Jill Abramson Takes ~2 Minutes to Land On Her Feet

Here is your perhaps unnecessary reminder that even high-powered successful “lean in”-type businesswomen like Jill Abramson zigzag. The ex-Managing Editor of the New York Times has accepted a position helping students hone their narrative non-fiction skills at Harvard:

She will be a visiting lecturer in the Department of English for the 2014-15 academic year, the university said in a statement, and will teach in the fall and spring semesters. In the statement, Ms. Abramson said she was “honored and excited.” Narrative nonfiction, she said, “is more important than ever. Its traditions and how it is changing in the digital transition are fascinating areas of study.” Ms. Abramson previously taught journalism seminars at Yale and Princeton.

At a commencement address at Wake Forest University just days after she was fired, Ms. Abramson spoke of an uncertain future. “What’s next for me?” she said to the graduates. “I don’t know. So I’m in exactly the same boat as many of you. Like you, I’m a little scared, but also excited.” Ms. Abramson, a 1976 Harvard College graduate, has a tattoo featuring the school’s H logo, as well as a tattoo of the T from The New York Times’s masthead.

If we had to life-map ourselves in tattoos, my own more varied collection would include a lion, a phoenix, a couple of corporate insignias, two logos for workplaces that no longer exist, a plant to symbolize the time I worked in the greenhouse of the National Zoo, a Danish kroner for my semester abroad, a subway token to demonstrate my feverish gratitude that I live in a place that lets me not have to drive, a quill pen, and the Kurt Vonnegut quote, “We are what we pretend to be, so we must be very careful what we pretend to be.”

Anyway, Jill Abramson is going to teach! Good job hiring her, Harvard. Now how long before one of her smart-ass students writes “pushy” on her evaluations, do you think?

Charitable Giving Has Its Critics

Everything has a critic, including generosity. We give money to the things that are important to us—to churches, to organizations that support the poor and homeless, to arts organizations—but researchers at Indiana University’s Lilly Family School of Philanthropy have found that wealthy donors disproportionately choose to give money to top-tier colleges, and arts and culture organizations like museums and symphonies, according to Marketplace.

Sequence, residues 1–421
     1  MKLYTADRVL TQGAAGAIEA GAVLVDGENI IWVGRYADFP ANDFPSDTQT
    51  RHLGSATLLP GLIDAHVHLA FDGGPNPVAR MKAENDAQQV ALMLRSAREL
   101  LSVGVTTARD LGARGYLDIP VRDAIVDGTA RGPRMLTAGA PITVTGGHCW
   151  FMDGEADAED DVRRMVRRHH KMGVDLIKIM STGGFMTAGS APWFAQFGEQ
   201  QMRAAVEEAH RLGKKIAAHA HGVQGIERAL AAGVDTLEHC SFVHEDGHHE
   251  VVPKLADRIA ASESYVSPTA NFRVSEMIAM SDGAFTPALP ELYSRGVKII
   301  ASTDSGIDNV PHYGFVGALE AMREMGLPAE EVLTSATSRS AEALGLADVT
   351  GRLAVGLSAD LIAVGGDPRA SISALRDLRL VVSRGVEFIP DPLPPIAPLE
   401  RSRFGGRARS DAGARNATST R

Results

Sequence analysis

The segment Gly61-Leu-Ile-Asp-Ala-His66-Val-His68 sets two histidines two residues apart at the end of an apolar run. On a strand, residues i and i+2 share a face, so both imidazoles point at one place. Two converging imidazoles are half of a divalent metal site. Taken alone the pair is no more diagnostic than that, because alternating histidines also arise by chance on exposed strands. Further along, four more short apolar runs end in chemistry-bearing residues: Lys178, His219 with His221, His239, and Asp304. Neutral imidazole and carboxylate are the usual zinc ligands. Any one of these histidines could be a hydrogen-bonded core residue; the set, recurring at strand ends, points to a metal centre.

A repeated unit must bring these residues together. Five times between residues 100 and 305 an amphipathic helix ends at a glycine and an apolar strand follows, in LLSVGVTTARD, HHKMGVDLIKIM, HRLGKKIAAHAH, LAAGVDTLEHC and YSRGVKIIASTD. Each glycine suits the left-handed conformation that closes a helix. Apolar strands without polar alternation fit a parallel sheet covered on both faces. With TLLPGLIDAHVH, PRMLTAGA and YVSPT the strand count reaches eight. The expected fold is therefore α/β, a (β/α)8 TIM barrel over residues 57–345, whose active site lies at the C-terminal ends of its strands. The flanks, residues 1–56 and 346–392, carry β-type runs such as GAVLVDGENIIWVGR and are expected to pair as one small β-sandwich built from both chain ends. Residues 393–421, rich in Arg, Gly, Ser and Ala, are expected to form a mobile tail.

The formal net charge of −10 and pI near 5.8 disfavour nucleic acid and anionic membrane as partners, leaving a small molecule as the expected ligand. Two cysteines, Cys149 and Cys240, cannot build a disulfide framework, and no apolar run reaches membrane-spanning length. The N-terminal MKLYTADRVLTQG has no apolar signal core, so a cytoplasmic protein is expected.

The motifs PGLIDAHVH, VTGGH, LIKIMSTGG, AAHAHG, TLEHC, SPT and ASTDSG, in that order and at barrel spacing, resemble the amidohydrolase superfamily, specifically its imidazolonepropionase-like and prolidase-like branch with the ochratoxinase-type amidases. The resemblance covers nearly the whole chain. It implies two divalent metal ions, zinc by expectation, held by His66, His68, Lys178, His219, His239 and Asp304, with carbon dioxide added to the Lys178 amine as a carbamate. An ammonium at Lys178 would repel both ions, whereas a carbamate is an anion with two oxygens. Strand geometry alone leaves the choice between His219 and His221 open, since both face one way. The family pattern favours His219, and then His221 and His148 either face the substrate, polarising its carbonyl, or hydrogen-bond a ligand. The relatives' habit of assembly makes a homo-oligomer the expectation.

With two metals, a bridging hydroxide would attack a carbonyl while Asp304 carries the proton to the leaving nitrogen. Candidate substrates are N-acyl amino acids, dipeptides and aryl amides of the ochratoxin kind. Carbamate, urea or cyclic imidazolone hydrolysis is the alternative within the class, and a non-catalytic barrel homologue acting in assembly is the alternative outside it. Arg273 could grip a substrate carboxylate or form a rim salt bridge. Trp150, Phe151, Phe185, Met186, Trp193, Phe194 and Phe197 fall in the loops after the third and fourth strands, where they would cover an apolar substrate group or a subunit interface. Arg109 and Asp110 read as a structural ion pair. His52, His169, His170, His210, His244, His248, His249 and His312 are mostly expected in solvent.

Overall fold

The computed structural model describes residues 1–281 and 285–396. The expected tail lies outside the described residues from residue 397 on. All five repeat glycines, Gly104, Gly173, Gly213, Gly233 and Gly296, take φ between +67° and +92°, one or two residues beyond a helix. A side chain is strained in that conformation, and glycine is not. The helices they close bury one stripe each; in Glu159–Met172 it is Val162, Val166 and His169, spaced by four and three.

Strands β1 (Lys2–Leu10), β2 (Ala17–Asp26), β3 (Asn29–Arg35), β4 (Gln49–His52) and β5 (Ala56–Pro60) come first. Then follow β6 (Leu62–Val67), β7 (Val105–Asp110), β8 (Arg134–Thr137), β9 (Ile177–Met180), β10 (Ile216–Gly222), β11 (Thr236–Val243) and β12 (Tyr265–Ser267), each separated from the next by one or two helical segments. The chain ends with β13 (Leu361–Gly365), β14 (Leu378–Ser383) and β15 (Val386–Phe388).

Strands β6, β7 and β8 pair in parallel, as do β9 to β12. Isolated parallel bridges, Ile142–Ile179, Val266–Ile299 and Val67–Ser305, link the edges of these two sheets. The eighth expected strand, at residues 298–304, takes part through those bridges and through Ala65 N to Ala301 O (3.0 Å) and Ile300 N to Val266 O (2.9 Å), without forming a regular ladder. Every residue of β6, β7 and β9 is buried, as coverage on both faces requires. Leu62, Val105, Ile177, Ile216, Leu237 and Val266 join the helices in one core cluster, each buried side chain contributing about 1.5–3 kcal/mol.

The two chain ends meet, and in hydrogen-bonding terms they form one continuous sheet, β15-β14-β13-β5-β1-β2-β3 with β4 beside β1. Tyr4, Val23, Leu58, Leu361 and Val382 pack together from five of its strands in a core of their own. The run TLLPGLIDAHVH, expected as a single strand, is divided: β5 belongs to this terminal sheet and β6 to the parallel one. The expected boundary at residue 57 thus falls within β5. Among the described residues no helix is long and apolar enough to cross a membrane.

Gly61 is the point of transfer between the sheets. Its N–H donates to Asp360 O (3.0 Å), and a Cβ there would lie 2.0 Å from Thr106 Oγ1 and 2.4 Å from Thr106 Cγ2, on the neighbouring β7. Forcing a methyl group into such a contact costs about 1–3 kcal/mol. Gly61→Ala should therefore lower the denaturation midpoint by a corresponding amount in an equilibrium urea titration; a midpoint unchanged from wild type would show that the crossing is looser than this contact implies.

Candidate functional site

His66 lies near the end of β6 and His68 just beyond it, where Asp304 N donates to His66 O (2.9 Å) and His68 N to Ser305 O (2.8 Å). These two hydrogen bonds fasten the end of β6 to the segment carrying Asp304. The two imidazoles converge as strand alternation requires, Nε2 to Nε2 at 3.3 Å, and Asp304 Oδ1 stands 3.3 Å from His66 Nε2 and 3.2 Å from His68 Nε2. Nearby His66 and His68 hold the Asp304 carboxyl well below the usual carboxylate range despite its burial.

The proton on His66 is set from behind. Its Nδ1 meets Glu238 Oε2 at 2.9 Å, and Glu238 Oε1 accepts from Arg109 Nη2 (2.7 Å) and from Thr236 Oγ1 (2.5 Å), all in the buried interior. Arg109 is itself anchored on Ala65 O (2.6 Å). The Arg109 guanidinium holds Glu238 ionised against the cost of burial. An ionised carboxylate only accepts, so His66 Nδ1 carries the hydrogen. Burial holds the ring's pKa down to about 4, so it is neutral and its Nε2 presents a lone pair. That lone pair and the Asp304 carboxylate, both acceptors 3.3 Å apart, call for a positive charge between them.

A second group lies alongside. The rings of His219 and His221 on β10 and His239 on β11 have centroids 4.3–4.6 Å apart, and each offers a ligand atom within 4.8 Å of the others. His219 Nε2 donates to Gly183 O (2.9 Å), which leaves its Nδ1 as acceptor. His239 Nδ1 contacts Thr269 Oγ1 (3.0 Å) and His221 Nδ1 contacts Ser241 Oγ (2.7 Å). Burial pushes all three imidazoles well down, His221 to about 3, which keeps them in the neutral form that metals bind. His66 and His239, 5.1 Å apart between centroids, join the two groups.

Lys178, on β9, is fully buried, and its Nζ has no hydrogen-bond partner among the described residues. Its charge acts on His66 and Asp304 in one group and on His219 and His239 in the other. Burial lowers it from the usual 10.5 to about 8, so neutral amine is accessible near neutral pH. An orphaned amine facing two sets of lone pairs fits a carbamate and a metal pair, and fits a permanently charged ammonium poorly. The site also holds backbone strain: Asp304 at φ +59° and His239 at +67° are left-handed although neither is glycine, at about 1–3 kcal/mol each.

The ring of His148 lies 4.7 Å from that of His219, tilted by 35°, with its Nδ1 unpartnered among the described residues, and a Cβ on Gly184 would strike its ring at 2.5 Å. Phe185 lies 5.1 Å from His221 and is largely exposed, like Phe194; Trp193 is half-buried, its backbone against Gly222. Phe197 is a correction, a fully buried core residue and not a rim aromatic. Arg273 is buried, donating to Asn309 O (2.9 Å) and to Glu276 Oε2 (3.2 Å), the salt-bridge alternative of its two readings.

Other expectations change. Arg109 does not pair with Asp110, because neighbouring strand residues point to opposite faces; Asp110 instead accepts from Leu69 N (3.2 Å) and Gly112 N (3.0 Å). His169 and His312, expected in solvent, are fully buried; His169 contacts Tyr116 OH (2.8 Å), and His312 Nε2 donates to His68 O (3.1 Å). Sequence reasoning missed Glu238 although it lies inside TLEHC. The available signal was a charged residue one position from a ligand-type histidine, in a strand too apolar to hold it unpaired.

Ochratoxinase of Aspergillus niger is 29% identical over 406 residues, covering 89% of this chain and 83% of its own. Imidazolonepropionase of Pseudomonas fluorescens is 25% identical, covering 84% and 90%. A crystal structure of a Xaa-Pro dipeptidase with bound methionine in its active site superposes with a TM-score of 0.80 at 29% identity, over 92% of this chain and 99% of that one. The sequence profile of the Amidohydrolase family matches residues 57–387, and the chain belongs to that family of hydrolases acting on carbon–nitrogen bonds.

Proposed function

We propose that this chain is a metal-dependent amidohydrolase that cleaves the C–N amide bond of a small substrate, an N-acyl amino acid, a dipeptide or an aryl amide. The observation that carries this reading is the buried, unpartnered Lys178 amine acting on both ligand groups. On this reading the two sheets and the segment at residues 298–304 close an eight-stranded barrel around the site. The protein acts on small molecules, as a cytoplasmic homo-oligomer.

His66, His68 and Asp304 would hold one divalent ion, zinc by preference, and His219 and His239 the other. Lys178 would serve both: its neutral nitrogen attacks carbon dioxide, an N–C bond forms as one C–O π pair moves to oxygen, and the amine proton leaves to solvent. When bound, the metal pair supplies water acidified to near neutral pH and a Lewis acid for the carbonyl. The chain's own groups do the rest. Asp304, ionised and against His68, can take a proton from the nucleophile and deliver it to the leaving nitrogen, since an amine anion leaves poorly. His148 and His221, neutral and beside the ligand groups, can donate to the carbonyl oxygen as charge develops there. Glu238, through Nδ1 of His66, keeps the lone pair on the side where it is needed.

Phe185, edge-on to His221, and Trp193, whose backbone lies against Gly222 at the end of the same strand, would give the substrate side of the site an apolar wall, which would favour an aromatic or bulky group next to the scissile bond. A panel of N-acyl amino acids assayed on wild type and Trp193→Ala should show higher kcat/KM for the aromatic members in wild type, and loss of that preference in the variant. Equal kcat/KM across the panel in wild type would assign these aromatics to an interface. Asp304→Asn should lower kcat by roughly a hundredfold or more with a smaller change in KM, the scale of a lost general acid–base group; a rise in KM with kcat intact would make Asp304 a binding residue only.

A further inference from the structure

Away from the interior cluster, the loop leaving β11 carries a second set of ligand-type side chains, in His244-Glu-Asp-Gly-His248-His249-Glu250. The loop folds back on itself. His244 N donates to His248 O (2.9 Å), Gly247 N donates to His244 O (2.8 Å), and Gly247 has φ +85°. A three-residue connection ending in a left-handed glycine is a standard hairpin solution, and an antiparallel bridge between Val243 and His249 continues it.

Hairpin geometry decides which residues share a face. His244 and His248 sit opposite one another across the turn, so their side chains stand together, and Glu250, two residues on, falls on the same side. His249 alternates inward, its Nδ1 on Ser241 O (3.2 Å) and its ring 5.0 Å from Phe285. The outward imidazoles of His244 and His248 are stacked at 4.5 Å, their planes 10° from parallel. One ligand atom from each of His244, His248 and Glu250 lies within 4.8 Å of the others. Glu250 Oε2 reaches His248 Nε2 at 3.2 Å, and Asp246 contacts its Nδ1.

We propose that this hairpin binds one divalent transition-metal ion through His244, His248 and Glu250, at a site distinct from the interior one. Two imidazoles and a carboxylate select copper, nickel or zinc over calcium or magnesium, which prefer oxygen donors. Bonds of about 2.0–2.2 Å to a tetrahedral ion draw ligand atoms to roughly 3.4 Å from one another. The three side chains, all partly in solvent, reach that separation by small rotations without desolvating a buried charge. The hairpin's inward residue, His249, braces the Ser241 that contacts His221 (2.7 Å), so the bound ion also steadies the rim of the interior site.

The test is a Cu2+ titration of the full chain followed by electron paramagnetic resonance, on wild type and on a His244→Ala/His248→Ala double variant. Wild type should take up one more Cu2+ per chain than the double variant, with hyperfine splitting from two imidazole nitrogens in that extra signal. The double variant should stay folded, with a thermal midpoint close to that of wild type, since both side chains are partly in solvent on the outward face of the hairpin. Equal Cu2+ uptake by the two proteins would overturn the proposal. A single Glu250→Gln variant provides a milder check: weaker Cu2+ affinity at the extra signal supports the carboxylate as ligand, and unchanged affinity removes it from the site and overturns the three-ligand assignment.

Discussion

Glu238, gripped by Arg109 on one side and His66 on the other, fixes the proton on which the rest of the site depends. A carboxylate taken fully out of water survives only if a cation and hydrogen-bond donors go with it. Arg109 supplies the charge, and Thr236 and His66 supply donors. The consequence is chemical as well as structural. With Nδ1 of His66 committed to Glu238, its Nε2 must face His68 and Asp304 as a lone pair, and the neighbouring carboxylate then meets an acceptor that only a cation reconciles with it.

I Always Spend All My Money And I’m Never Going to Change, Am I

I am out of money and don't get paid for a week. I do this every single month and I am so mad at myself and I'm never going to change, am I. — B.

What One Food Item Would You Eat for the Rest of Your Life?

From Vice (and sent to me from Logan), an interview with a man who has eaten nothing but cheese pizza for the last 25 years and seems relatively okay:

Ice Creams of Summer, So Far

Ice cream truck (IF ice cream truck AND cash THEN ice cream) Vanilla soft serve with chocolate sprinkles, $3. Perfection. Compare all ice cream experiences to this one. Most fall short. Serendipity of encountering ice cream truck like oasis in city desert just pushes it over the top.

How’s That $148,000 Law Degree Working Out for You

A quick chat with a new lawyer.

The Ivy League Churn

In Forbes, Michael Gibson writes about "the path" a majority of Ivy League graduates take into the industries of finance and consulting, and why it might be problematic: Too many smart, talented people heading to places like Goldman Sachs after college and not to, well, the rest of the labor market looking for smart, talented individuals not heading into the financial services industry. Well, it's a good thing smart individuals also exist at non-Ivy League Schools who have decided not to take this path!

Everybody in Life Makes Choices

Ice cream =/= smoothies.

The Love Song of the Banana With Dreadlocks

Henry Gribbohm says he lost his life savings, $2,600, on a carnival game and all he has to show for it is a stuffed banana with dreadlocks.